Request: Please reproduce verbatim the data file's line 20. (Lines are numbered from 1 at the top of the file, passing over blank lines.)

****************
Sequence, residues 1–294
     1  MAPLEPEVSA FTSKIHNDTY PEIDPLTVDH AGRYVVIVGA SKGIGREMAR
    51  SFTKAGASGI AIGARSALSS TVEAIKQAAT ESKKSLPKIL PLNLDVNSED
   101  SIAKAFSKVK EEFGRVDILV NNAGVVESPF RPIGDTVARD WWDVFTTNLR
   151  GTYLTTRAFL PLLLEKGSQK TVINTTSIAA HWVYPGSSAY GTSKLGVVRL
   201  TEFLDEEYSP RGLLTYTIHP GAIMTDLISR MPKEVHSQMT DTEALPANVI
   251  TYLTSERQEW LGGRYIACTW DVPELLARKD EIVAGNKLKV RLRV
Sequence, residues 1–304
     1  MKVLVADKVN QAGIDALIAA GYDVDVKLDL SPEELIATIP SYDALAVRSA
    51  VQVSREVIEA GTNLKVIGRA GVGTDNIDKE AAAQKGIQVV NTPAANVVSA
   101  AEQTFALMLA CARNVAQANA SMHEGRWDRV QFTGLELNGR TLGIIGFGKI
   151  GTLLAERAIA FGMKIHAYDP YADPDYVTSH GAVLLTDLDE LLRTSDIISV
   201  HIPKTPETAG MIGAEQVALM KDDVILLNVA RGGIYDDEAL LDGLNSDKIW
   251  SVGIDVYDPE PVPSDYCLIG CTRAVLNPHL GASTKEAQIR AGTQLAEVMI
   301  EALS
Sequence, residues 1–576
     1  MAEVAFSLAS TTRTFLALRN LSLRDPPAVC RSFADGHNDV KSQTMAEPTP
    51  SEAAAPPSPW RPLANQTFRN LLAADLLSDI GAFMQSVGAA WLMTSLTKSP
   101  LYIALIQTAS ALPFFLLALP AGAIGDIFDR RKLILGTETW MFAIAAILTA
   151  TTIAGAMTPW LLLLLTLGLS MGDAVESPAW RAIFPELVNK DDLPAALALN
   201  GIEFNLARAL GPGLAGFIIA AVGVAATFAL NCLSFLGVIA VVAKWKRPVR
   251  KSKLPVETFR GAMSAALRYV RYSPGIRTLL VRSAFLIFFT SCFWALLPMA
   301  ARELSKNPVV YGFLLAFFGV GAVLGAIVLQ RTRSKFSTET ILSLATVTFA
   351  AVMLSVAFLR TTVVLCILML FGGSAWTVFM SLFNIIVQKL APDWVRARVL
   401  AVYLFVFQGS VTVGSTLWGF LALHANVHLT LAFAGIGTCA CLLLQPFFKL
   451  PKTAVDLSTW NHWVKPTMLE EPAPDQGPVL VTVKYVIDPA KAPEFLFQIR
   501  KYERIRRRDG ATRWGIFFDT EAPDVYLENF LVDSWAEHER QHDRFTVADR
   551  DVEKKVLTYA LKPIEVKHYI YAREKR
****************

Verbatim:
   151  TTIAGAMTPW LLLLLTLGLS MGDAVESPAW RAIFPELVNK DDLPAALALN